Whether to use inline hashtags, replacing the actual word, or to list them all at the bottom of your post, is a personal preference from what I understood.
If you use a lot of hashtags, I assume a summary at the end rather than inline is probably better, but since I don't use a screenreader myself, I'll defer to the expertise of those that actually do use them.

#accessibility #a11y #hashtags

long-ish (~1400 chars) post about hashtags on Mastodon, and accessibility. 

@FiXato @Leftcel_Infilitrator @guilevi You can also follow feeds of hashtags via rss fyi.

long-ish (~1400 chars) post about hashtags on Mastodon, and accessibility. 

@Zach777 @FiXato @guilevi Wow you can!?

@guilevi Thanks for mentioning this. I have never thought about it how important picture descriptions can be.
I will take care about that in the future for everything I publish.

@guilevi Yes yes yes! Image descriptions are a blessing!
I've described every image on my account, and Image descriptions are required by rule on RaRu.Re !!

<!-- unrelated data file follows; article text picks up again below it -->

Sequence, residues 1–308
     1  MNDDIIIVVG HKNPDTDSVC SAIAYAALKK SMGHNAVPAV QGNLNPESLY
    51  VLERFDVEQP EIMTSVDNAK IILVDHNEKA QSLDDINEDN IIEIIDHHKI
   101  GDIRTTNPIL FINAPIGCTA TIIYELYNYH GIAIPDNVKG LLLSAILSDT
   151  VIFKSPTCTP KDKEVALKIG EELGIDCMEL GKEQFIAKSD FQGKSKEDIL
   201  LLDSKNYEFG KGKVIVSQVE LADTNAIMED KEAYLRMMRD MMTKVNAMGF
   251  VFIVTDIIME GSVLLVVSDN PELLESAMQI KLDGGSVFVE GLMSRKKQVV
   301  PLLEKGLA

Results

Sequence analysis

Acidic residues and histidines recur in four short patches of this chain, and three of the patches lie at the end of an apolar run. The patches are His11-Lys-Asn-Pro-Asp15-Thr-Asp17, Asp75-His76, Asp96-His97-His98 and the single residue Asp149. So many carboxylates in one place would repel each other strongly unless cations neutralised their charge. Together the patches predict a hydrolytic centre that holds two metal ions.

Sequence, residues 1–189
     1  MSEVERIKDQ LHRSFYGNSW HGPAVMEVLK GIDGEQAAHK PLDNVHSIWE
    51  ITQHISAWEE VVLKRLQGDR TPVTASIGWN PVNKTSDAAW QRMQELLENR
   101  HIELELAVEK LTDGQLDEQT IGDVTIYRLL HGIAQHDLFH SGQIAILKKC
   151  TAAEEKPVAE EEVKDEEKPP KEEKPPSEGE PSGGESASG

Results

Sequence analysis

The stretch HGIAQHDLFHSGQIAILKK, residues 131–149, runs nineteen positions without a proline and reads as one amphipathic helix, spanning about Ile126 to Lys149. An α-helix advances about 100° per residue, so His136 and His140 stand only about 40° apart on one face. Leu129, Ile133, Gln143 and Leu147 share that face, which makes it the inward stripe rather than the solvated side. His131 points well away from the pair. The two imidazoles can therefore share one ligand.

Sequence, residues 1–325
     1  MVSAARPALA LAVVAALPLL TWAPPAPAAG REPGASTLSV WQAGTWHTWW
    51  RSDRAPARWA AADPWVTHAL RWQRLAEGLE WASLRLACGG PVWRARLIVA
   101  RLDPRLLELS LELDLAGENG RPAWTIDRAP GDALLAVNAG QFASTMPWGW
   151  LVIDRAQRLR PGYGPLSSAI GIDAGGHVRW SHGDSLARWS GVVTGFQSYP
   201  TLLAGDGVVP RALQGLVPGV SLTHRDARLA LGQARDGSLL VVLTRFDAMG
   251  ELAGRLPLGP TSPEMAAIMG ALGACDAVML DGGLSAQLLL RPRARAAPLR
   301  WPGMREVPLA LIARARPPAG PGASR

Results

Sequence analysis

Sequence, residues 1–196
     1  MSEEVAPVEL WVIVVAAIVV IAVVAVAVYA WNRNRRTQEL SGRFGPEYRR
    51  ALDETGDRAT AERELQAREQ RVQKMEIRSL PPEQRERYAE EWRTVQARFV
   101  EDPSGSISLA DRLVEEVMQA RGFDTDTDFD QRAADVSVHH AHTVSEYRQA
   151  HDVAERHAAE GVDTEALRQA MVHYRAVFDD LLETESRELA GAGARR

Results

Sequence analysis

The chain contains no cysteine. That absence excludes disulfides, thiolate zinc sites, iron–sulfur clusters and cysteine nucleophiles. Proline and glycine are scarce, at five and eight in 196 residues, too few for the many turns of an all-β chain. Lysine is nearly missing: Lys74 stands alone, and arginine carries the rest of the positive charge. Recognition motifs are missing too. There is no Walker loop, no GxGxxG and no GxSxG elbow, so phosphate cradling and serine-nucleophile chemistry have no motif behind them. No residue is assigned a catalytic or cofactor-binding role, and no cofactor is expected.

@ocean @guilevi I guess that's a positive side for my obsessive tendencies :blobcatthinking:

@guilevi What sort of stuff makes a good description? Similarly, what should be avoided when writing image descriptions?

I do my best to describe everyhing I upload but I'm constantly worried there's things I'll type that screen readers or braille displays won't pick up on.

@pyredrid Thanks for the question! I don't think there are any implicit guidelines or rules for writing descriptions. I'd say just say what you think should be said. If the point of the image requires just a few words to come across, use a few words. If the details are important to you or to the post, write as much as you like.

@pyredrid There are lots of good guidelines on image description. Here's one
Here's another
Almost any text you write will be "picked up" by screenreaders but if you're worried about something you can always try activating the one that almost definitely comes standard on your phone/tablet/laptop/etc.